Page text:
I just returned from my birthplace of Saskatoon, Sask. The city is as beautiful as I remember, although not keeping up with its brand as “City of Bridges.” Maybe change to something like “City of Parks.” There are very many parks. Everywhere! Small and big! Old and new!
In fact, it seems like there is some kind of park or sitdown location every two or three blocks, this in a city of 250,000. It’s something all our northern communities could copy easily.
We took the north route, which as it happens, is also the Northern Woods and Water Route. “Circle Routes” or “Loops” as NWWR promoter Dale Harrison likes to call them, are nice drives for tourists. The route from Falher to High Prairie, through Slave Lake, then to Athabasca, Cold Lake, Meadow Lake could easily be part of a big loop.
It’s a very nice drive. Along the way, there and back, we toured many small and large towns. Athabasca, Lac La Biche, Meadow Lake, North Battleford. “New York is Big But This is Biggar!” Unity, the town of “OpportUnity!” and more.
One thing we noticed was many towns with newspapers in Saskatchewan shut down for a few weeks in the summer.
Another was flower baskets and planters [huge!] and the number of walking trails – all in remarkably good shape.
Plus, many of the towns have small businesses in houses close to the town centre. Lots of homes used for offices or stores.
And wide streets!
All too often, most of our government officials, elected or otherwise, don’t take time to get off the beaten track. If there is a meeting in Calgary, it’s the divided highways all the way. Nobody stops at Lacombe, or Didsbury, or Innisfail. Rocky Mountain House? Sherwood Park? Hardly a glimpse, unless one has relatives there.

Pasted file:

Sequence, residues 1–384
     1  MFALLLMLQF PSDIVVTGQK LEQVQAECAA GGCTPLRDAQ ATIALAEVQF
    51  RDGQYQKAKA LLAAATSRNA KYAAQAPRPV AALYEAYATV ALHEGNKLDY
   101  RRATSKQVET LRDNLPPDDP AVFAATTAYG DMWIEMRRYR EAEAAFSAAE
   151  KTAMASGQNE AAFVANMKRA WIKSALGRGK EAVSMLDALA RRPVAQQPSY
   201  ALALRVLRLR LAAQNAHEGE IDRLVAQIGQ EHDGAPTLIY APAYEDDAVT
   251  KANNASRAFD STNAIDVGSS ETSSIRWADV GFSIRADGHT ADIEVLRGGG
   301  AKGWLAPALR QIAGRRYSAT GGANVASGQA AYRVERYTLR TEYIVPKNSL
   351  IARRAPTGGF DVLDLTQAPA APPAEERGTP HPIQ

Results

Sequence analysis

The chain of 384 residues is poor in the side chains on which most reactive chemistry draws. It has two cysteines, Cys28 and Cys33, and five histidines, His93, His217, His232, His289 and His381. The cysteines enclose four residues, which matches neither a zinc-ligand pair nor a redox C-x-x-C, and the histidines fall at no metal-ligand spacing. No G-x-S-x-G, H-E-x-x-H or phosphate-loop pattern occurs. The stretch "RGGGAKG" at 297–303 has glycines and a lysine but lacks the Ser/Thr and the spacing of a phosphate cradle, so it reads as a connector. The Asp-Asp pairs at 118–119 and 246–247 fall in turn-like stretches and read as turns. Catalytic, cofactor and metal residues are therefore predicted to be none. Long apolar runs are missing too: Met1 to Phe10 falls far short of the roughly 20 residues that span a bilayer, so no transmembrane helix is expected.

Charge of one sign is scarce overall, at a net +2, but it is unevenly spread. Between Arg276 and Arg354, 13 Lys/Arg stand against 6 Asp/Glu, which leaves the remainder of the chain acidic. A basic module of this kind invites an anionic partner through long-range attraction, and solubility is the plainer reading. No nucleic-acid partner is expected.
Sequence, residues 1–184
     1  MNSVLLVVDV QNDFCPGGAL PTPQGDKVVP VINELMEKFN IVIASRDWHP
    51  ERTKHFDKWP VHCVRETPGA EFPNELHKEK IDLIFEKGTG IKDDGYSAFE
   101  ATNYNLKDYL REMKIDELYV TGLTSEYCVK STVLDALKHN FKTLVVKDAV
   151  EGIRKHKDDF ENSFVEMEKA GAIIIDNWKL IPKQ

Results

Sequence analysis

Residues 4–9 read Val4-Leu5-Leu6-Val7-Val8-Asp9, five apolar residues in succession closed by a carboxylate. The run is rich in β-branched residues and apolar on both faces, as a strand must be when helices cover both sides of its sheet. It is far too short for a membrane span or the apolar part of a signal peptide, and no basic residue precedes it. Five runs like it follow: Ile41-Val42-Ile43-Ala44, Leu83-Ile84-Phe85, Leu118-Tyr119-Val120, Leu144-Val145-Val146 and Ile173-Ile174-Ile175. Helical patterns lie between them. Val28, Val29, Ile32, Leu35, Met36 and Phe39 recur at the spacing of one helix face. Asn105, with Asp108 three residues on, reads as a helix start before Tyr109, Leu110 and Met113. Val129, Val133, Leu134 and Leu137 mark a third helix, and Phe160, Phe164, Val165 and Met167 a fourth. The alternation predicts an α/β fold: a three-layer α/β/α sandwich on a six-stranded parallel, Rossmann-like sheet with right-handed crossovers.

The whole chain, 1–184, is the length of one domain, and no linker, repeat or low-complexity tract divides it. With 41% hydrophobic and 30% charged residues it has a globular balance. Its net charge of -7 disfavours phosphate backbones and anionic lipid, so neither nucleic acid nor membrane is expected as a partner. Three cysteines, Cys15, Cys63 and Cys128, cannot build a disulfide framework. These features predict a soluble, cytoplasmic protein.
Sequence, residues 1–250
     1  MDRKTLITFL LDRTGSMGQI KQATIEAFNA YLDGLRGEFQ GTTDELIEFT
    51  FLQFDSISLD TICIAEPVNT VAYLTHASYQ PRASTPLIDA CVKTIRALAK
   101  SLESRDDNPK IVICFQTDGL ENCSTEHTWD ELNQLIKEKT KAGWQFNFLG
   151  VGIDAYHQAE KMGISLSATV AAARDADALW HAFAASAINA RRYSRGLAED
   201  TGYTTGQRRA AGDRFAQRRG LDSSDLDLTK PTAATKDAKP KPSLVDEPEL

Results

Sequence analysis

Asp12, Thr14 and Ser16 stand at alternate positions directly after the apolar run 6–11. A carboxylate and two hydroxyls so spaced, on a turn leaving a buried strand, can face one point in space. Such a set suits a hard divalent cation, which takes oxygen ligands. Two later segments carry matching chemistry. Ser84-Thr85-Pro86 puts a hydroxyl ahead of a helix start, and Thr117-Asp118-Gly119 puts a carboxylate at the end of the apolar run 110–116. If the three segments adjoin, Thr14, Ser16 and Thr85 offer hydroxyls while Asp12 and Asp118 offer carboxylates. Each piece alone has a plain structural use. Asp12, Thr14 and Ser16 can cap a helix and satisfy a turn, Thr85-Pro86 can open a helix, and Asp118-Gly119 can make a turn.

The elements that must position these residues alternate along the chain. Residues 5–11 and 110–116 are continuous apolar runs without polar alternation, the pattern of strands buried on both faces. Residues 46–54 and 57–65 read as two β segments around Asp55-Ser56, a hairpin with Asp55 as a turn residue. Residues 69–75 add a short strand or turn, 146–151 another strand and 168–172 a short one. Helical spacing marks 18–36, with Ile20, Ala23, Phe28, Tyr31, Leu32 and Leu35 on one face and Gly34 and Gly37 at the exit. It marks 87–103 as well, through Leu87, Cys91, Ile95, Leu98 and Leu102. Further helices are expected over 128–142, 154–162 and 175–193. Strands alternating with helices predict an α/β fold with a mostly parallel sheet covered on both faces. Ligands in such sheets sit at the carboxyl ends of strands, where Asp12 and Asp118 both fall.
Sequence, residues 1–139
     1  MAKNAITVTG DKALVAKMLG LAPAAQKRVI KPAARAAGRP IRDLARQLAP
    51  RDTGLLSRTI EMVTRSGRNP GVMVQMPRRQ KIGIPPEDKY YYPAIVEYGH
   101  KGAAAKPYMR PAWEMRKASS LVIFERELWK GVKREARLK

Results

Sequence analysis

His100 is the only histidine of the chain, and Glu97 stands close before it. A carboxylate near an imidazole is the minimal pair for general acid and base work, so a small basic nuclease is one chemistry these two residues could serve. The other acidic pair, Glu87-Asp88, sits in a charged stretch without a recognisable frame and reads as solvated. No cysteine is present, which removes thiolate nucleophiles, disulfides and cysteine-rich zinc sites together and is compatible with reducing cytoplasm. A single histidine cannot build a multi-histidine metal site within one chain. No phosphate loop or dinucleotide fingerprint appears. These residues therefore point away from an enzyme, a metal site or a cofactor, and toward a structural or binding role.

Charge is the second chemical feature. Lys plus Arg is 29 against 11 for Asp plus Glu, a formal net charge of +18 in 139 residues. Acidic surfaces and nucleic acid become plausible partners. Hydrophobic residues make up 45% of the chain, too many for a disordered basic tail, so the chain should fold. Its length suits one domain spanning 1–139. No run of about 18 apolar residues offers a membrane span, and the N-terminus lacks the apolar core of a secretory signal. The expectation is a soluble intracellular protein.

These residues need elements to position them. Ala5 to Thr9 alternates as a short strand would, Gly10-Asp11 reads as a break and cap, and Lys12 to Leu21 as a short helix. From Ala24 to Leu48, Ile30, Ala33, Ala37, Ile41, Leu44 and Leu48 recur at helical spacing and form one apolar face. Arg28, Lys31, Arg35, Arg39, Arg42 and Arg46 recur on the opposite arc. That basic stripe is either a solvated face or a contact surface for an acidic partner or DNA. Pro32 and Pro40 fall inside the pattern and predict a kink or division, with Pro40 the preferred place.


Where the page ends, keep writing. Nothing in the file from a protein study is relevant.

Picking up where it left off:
The flip-side of this, of course, is how do you get people from those towns, and the big cities right beside them, to come to our northern towns?
I can’t think of any reason at all for me to visit Stettler, Olds, or Wainwright, unless I had business there or relatives or friends. I’m sure they do promotions, but frankly, they don’t do much good. I drop in just for seeing what’s up in other towns, not because something made me want to go there.
On the other hand, the Northern Woods and Water Route, as written about in these pages a few weeks ago, is a wonderful idea. The route is 2,500 km of nice country. Much of the route is through the Boreal Forest, which means it isn’t that dried out, parched earth found starting at Red Deer and south all the way to Texas.
OK! So there isn’t much to see at Unity, Sask. or even Biggar, which really isn’t on the route anyway.
But there’s much that can be accomplished by our northern towns all along the NWW route, working together to promote this route. It’s a good, very good idea that needs much more attention than we’ve been giving it over the past 20 years.